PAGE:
So when the announcement hit the interwebs that Netflix was going to be bringing back Gilmore Girls for a limited season, helmed by original showrunner Amy Sherman-Palladino, whose screwball-speed, witty dialogue and pacing made the show such a joy, how could I be anything but happy? To be fair, since I haven’t made it to the dreaded seventh season of the original show, the season lacking Sherman-Palladino’s involvement, I don’t yet share the same sentiment of frustration as many longtime fans who not only have had to wait almost ten years for news like this, but who also had to deal with the sharp drop in quality the show suffered at the end.

Still, though, my excitement does come with a bit of pause. While Netflix’s television programming has a decent track record, I wasn’t all that inspired by Arrested Development: Season 4, don’t care about the upcoming fifth season, and have no interest in projects like Fuller House or Wet Hot American Summer: First Day of Camp, since I never watched the originals these Netflix sequels are based on. But to have the chance to spend time with the Stars Hollow gang—to see if Rory has finally grown up, to see if Luke and Lorelai finally get married, to see if Kirk will ever find a steady job that isn’t utterly bizarre? Well, I’ll follow where they lead.

Oh, and, for the record: #TeamSingleRory.

2. Lifetime Network’s UnREAL

Clearly there is a theme on this “best of” list of me coming to things rather late in the game—Gilmore Girls, Carrie Brownstein—and so I’ll put another one in that category: I’ve never seen an episode of The Bachelor or The Bachelorette. Indeed, my reality TV consumption is reserved for shows like Chopped or Wipeout, with dating shows not really being something I was ever interested in. But luckily, I was assigned to watch the pilot of the darkly fascinating UnREAL, which aired this past summer on Lifetime, and I was hooked immediately on the sadistic, masochistic world of reality dating competitions—at least how it is represented on the scripted UnREAL.

Created by Marti Noxon and Sarah Gertrude Shapiro, the latter of whom served as a producer for The Bachelor, UnREAL takes an inside look at the machinations of a Bachelor-esque dating show called Everlasting. It keenly unravels the ribbons tied around the fantasy of finding love on television—and reveals the depth contestants and producers alike will go to getting ahead and making good television. Producers and contestants alike fight, slander, and sabotage one another, often with—no spoilers, of course—dramatic and horrifying consequences, all in the name of success.

While the fact that the show airs on Lifetime might initially give you pause due to the nature of the programming Lifetime is known for, I cannot recommend UnREAL enough. It’s a potent mixture of engaging drama and black comedy as well as a damning study of human nature and the artificiality of not only reality television, but also of the idea of love itself, and I am delighted that it is returning for season 2 next year.

1.     Hamilton (’s Soundtrack, since I haven’t seen the show (yet))

How does a bastard, orphan, son of a whore and a Scotsman, dropped in the middle of a / Forgotten spot in the Caribbean by providence / Impoverished, in squalor / Grow up to be a hero and a scholar?

The top honor of this list goes to the revolutionary new Broadway musical, penned by and starring official genius Lin-Manuel Miranda (who was actually awarded a MacArthur Genius Grant this year). I’d been fortunate enough to see Miranda’s acclaimed first musical In the Heights, drawn from his own life growing up in New York City, during its first Broadway run. I’d enjoyed its mix of well-drawn Washington Heights denizens as well as its eclectic soundtrack, which drew influences from hip-hop to salsa and everything in between. Yet I was not immediately sold on Hamilton. Sure, the idea of a musical about that guy on the ten dollar bill—you know, the one you have to tell small children was not actually ever the President—sounded pretty cool (because I’m a giant nerd), and I loved 1776 (because, once again, I’m a giant nerd), but listening to the samples of the soundtrack on iTunes didn’t exactly warm me to what this new musical was offering.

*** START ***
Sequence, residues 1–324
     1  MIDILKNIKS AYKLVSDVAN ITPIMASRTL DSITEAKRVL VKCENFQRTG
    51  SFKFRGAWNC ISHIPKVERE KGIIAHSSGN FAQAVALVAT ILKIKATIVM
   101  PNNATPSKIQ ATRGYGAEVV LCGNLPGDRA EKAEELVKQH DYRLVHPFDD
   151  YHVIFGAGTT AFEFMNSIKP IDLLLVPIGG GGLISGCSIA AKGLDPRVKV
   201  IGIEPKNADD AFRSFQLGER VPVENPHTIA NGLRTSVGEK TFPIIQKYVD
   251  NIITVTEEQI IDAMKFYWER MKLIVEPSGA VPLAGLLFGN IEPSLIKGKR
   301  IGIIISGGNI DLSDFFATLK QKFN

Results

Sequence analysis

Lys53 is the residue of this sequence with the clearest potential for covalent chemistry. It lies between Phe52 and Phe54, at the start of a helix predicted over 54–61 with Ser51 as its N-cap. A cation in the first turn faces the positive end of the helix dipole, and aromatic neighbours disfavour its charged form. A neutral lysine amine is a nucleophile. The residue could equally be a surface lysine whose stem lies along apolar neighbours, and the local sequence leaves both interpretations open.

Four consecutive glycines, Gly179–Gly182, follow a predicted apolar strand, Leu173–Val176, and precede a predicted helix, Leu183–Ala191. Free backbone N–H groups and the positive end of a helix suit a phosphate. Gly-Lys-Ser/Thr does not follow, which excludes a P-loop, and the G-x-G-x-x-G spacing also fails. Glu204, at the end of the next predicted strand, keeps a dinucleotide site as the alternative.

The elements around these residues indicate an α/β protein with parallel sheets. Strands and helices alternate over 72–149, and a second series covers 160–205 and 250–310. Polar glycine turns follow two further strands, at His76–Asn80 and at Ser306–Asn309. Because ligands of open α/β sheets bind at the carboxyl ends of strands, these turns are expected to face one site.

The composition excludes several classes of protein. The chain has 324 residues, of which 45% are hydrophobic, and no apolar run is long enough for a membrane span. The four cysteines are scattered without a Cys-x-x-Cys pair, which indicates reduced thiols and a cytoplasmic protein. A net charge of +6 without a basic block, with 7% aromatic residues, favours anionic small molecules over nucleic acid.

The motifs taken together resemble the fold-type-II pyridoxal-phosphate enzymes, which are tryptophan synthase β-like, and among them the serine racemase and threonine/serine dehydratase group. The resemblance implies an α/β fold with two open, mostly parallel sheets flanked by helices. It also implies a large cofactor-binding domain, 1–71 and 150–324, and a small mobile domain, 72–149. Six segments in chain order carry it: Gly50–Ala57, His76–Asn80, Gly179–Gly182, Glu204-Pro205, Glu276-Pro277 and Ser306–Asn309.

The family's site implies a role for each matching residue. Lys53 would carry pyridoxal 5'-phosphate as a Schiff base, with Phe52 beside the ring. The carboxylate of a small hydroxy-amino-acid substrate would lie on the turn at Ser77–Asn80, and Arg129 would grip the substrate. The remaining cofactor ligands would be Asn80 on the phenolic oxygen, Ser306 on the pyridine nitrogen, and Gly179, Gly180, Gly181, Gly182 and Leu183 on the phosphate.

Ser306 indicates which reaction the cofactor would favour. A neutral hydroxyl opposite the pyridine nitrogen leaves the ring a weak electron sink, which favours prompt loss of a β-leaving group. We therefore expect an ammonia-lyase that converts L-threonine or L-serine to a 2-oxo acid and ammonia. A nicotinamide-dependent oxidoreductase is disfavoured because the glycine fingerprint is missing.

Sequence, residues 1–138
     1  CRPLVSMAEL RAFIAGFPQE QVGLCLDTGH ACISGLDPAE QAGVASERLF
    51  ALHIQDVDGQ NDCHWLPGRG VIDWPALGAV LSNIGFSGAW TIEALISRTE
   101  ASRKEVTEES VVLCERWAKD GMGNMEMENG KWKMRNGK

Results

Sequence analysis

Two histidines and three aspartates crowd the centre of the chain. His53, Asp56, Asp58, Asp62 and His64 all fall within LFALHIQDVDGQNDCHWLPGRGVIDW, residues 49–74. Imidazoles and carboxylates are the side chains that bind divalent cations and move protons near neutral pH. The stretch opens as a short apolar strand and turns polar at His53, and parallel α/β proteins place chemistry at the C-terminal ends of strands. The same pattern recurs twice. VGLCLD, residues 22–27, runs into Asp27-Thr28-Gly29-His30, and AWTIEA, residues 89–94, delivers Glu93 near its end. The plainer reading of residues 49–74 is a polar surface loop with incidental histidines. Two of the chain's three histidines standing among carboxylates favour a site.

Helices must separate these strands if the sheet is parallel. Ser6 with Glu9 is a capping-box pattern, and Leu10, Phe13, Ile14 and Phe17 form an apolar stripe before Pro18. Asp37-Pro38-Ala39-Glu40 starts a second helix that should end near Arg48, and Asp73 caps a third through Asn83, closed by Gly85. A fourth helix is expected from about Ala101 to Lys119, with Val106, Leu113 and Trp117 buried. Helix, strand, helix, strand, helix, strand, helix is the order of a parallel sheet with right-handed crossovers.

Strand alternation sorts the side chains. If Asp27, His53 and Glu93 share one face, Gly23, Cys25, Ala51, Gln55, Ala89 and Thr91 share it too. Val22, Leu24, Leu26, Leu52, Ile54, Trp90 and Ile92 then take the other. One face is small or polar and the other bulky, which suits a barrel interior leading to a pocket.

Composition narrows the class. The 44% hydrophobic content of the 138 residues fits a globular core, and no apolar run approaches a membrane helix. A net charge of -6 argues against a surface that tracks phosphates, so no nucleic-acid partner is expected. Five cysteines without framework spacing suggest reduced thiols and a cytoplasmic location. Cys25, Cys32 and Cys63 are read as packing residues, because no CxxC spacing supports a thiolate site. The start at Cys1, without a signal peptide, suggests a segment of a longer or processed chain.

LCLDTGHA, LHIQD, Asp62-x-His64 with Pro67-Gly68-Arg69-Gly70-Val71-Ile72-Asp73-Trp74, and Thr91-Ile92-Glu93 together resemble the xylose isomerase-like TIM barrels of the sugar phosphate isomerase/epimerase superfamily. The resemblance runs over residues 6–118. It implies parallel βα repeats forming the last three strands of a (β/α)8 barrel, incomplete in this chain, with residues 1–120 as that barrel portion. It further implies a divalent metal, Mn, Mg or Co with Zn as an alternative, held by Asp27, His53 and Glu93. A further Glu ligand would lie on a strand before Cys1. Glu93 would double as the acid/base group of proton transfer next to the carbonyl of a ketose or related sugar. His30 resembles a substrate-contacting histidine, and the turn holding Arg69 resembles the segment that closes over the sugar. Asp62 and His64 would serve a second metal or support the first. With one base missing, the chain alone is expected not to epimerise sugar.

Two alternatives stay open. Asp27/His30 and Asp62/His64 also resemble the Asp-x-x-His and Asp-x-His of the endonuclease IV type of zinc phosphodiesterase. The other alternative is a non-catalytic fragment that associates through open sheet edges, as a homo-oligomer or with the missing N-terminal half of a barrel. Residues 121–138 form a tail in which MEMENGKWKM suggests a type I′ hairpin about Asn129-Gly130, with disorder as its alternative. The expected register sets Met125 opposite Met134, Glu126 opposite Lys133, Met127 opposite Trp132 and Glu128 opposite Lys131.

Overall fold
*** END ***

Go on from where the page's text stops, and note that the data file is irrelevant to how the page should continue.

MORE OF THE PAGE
Boy, how wrong was I.

Upon actually downloading the soundtrack and giving it the requisite two hours and twenty-three minutes it takes to listen to the whole musical, I was hooked—and I’ve been playing it on repeat for at least a month. Miranda has done it again—and done it better, as if that were feasible. The soundtrack, which keenly combines pop, hip-hop and rap with traditional Broadway fare, is incredibly smart, tightly written, extremely entertaining, and downright heartbreaking. It carries the listener through the course of the musical and actually gives the complete story, since pretty much all of the show is actually on the soundtrack. When we learned about the Founding Fathers in elementary school, we certainly didn’t learn it like this.

One of the most notable things about Hamilton is its intentionally multiracial cast, who not only makes these old dead white guys come to vivid life, but also, in the words of Miranda himself, “this is a story about America then, told by America now.” Thus the casting brings many talented performers of color to the forefront and gives them a chance to shine within the largely white Broadway establishment. Among the standouts are Miranda himself, who makes our hero, Hamilton, a man you love, but also want to punch in the face; Daveed Diggs, who plays both the loyal Marquis de Lafayette as well as the snappy, contrarian-minded Thomas Jefferson; and, lastly, Leslie Odom Jr., whose exquisite portrait of Aaron Burr makes him not as much of a villain as merely a man whose original polite reticence develops, along with his jealousy of Hamilton, into an insatiable desire to be at the top—and he’s entirely relatable along the way (and, frankly, ought to win the Best Actor in a Musical Tony for his efforts).

Since Hamilton is one of the hardest tickets to get on Broadway, I completely and unequivocally recommend shelling out the cash for the soundtrack (and don’t let the samples on iTunes change your mind—hearing snippets of these wonderful songs doesn’t do them justice). Spoiler alert, for those of you who may have forgotten the fifth grade: Hamilton dies. Spoiler alert #2: you’ll probably be sobbing (along with the rest of the audience) when he does.